The mighty Mongols failed to invade Japan, twice. It sounds more bad-ass when you realize that in both cases, a freak storm was responsible for their failed invasion of the Japanese Empire.
Want to Find out? Read on……..
Many of us know about Kublai Khan, who was the grandson of the legendary Mongol king Genghis Khan, who seemingly wanted the entire world as his backyard. So he set about invading everything he set his sights on, one kingdom at a time.
After capturing a lion’s share of China and bullying Korea into paying a ransom, Kublai decided to raid the Japanese Empire. Invading a country as rich as them would add a massive credential to Kublai Khan’s achievements, not to mention the limitless resources he’d be able to salvage from the island empire.
He sent many messengers to Japan to force them into paying a tribute amount to avoid war, but the proud Japanese ignored them all. So Kublai amassed a huge army of 30k+ soldiers and 500+ ships to invade Japan, while the best Japan could do was set up 10k samurais to help defend their empire.
Finally in 1274, Mongols attacked the Japanese. They landed on Kyushu and easily overpowered the weak Japanese army on the 1st day of war. Then that night, a freak storm appeared out of nowhere and decimated the Mongols’ entire fleet (almost) and killed nearly 1/3rd of the army. Taking this as a sign of bad luck, they left immediately to nurse their wounded, ending the war abruptly.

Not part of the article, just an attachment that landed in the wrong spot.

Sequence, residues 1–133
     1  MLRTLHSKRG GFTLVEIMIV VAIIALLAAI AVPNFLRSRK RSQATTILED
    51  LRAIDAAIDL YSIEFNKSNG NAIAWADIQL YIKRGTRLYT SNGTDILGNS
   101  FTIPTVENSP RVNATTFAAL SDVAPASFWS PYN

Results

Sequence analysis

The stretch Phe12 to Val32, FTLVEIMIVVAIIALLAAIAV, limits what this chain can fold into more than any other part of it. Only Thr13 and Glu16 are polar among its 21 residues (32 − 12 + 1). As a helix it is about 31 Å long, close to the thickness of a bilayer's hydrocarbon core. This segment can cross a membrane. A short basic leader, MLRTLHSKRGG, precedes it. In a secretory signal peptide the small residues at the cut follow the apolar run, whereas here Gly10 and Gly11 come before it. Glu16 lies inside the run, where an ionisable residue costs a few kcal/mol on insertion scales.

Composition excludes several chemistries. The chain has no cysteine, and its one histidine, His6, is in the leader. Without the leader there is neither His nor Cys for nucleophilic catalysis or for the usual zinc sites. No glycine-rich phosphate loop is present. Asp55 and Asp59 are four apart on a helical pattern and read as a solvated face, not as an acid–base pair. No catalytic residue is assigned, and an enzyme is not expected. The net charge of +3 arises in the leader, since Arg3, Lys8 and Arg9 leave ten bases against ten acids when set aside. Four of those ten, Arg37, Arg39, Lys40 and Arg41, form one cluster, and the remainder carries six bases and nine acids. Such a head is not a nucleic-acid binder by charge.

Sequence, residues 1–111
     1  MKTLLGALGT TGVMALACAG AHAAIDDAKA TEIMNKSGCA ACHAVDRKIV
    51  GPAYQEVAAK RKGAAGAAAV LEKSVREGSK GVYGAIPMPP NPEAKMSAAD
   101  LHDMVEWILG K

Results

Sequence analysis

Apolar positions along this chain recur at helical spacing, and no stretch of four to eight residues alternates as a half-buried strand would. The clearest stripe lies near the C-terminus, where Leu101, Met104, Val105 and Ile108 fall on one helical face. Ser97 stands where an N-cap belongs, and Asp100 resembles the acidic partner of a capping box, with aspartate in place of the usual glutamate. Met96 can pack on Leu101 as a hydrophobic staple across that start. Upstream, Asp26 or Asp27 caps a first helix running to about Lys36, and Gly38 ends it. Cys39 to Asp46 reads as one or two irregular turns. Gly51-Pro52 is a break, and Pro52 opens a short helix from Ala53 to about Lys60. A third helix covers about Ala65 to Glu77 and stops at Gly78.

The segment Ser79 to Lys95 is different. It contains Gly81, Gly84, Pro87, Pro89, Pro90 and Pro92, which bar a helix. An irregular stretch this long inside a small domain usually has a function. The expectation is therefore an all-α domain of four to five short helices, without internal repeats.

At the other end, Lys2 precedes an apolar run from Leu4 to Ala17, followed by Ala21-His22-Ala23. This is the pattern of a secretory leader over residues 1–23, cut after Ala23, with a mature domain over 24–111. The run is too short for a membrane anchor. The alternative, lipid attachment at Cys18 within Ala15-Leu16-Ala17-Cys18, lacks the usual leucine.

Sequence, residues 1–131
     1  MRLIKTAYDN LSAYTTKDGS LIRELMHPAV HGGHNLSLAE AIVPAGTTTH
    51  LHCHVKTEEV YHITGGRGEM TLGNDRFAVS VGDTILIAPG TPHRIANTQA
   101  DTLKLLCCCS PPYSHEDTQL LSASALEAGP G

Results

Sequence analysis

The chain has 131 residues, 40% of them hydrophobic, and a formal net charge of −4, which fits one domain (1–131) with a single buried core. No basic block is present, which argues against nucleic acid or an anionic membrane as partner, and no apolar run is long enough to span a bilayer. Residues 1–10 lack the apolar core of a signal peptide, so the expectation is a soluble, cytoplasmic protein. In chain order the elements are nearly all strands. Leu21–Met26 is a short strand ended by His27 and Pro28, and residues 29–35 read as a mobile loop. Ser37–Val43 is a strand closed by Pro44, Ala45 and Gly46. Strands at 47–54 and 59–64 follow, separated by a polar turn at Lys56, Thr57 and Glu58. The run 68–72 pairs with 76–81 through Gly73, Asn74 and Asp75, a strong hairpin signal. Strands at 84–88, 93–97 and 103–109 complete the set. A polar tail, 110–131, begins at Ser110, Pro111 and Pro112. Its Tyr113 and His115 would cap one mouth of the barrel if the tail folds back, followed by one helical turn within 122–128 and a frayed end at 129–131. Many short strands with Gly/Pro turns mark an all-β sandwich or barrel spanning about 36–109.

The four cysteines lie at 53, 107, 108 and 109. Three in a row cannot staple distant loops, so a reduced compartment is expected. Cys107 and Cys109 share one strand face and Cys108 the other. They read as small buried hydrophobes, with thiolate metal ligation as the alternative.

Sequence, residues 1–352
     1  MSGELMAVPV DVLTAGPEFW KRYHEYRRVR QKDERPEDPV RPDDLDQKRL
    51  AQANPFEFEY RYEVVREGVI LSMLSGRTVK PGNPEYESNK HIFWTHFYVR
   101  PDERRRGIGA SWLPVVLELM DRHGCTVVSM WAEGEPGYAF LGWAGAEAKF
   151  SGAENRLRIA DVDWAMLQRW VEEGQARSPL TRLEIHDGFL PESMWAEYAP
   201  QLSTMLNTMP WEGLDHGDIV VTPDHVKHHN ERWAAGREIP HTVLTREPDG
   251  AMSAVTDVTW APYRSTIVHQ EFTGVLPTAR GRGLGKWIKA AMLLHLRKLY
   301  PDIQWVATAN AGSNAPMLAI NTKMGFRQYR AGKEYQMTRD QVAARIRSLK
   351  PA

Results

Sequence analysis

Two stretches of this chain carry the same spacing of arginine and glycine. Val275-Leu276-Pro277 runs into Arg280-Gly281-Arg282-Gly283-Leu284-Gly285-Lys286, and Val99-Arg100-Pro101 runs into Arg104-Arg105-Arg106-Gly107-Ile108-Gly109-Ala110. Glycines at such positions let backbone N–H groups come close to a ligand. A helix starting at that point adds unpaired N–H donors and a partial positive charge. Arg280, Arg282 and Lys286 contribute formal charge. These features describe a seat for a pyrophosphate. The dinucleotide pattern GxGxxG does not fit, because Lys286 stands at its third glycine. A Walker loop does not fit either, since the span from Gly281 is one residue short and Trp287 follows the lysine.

Then in 1281, 7 years after the original invasion, the Mongols decided to try invading Japan again, this time taking a massive army of 130k+, 30 times the 1st invasion. This time, although the Japanese awaited them with improved army and coastal fortifications, the Mongols still outdid them.
Then, as on cue, the typhoon appeared again. The Mongols were flabbergasted and decided to make a run for it. The mass confusion let to their ships crashing into each other, with the typhoon making a meal out of the Mongol army. In the end, half of the army was destroyed, and those who made it to the coast were slaughtered by the Japanese.
Kublai Khan managed to survive along with a handful of soldiers and ships. He picked up his ass and escaped back to his homeland, mentally making a note to stay away from Japan forever.
By pure luck, the Japanese were saved twice from being captured by arguably the most feared army of that time. Not many outside Japan know about it as it occurred a long time ago, but it is one of the biggest events in the Japanese military history.
They coined the term ‘kamikaze’ from these events, meaning ‘divine wind’.